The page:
Indonesia is Southeast Asia’s most populous market. Yet there is something peculiar you will notice while walking down the streets. It is the glaring absence of international convenience stores. We are so accustomed to seeing 7-Elevens scattered around other Southeast Asian countries like Singapore, Thailand, Philippines, Malaysia and now recently Ho Chi Minh City.

A look at 7-Eleven’s presence and you will see Indonesia missing from the map.

Source: Seven-Eleven Japan CO., LTD

In contrast, a visit to Indonesia will make it very clear how popular local minmarts like Indomaret and Alfamart are.

Why is this the case?

A promising start

In 2009, 7-Eleven set foot in the Indonesian market. One after the other, they started popping up in every strategic corner of Jakarta. 7-Eleven instantly became a massive hit. From students to office workers, everyone came in to try out slurpees in a hip environment which included sitting areas, which at that time was considered a genius move for a convenience store. No one had ever done that in Indonesia. Indonesians soon associated 7-Eleven as a place to hang out or “nongkrong” as locals like to call it. Everyone was so sure that 7-Eleven will be the game changing disruption for mini markets in Indonesia.

The reality check and downfall

While entering Indonesia, 7-Eleven had a strategy to turn their stores into a premium place to hangout – more or less like Starbucks. They provided large parking spaces, premium priced cooked food, sitting areas, and Wi-Fi (a major attraction!).

What was intended to be their USP eventually became their achilles heel. These services came at much higher cost (and higher selling price too!) compared to their local counterparts – Alfamart & Indomaret. Moreover, their strategy didn’t work like they expected them to. People who came to 7-Eleven did hang out inside the stores, but they only purchased a drink or two while staying over for hours. This resulted in higher amount of uneaten cooked food that needed to be thrown away. Repeat purchases were low and revenues did not cover operations, Wi-Fi, and overhead costs. To add insult to the injury, in 2015 the government banned the sale of alcoholic drinks in convenience stores. Unfortunately for 7-Eleven, alcoholic drinks were one of their best selling items at that time (15% of their revenue).

Ultimately, 7-Eleven had to shut its doors in 2017 for good.

Apart from 7-Eleven, other international stores like Japan’s FamilyMart too have been unable to scale their operations in Indonesia with only 80 stores island-wide after six years.

The local players

What about Alfamart and Indomaret? Well, Alfamart and Indomaret are ubiquitous in Indonesia. Over the years, Alfamart has 13522 stores, while Indomaret have 15526 stores. Combined, they have 95% market share of Indonesian convenience stores.

If you have ever been in Indonesia, you might have noticed what you see in the picture below.

It is not a rare sight to see Indomaret and Alfamart located adjacent to each other. Even if they may not be right next to each other, they are at least a few buildings away. It is unclear which faction started this move first but whoever did it – smart move, saving tons of time and resources in doing preliminary market research, because if the competitor built their outlet there, they must’ve already done their homework.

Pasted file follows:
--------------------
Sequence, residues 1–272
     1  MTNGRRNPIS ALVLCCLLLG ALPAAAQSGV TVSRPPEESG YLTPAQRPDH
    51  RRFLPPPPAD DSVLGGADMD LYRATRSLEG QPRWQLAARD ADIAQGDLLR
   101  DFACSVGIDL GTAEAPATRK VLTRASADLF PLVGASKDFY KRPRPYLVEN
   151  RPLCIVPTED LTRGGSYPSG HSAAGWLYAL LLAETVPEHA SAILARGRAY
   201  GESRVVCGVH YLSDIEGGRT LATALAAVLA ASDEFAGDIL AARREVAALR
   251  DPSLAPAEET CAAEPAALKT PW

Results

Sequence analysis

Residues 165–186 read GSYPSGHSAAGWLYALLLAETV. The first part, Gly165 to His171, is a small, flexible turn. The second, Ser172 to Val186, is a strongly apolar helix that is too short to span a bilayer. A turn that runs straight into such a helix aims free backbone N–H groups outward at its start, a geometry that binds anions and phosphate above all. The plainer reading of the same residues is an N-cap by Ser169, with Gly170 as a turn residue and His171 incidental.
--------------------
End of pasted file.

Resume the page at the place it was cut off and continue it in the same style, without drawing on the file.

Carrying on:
These local stores have been able to last because they put less emphasis on the frills of the services in 7-Eleven stores and focus more on daily necessities, groceries, snacks, and creating a large network across the country. With lots of options in cheaper warungs, road-side stalls, and fast-food restaurants they realised that the appeal in cooked meals with sitting areas may not be sustainable.

Alfamart and Indomaret have also leveraged their wide network to provide other services like bill payment and travel booking. Furthermore, riding on the wave of disruptive internet services, these local stores have become payment points for ecommerce as well as top-up points for mobile wallets, assuming the role of ATMs and stepping in for banks to provide financial access to a highly unbanked population.

A widespread network of convenience stores and minimarts also helps build support infrastructure for O2O (online to offline), a model many ecommerce players are moving towards. This is especially relevant for Indonesia as a huge market remains untapped without access to internet and the element of trust, personal and social touch, and payment via cash are important in order for ecommerce to work.

Alfamart and Indomaret thrive in the Indonesian market because of their cost-effective services, minimizing unnecessary costs while focusing on real consumer needs, meanwhile 7-eleven failed because they misread their target market’s needs. Having recently entered Vietnam, it will be interesting to see how they chart their growth there and whether they will learn from their mistakes in Indonesia. If international players are keen on doing well in the Indonesian market, they need to differentiate themselves from the local players as well as food stalls and other fast-food outlets that also provide cheap food, wi-fi and a good hangout spots.

Thanks for reading The Low Down (TLD), the blog by the team at Momentum Works. Got a different perspective or have a burning opinion to share? Let us know at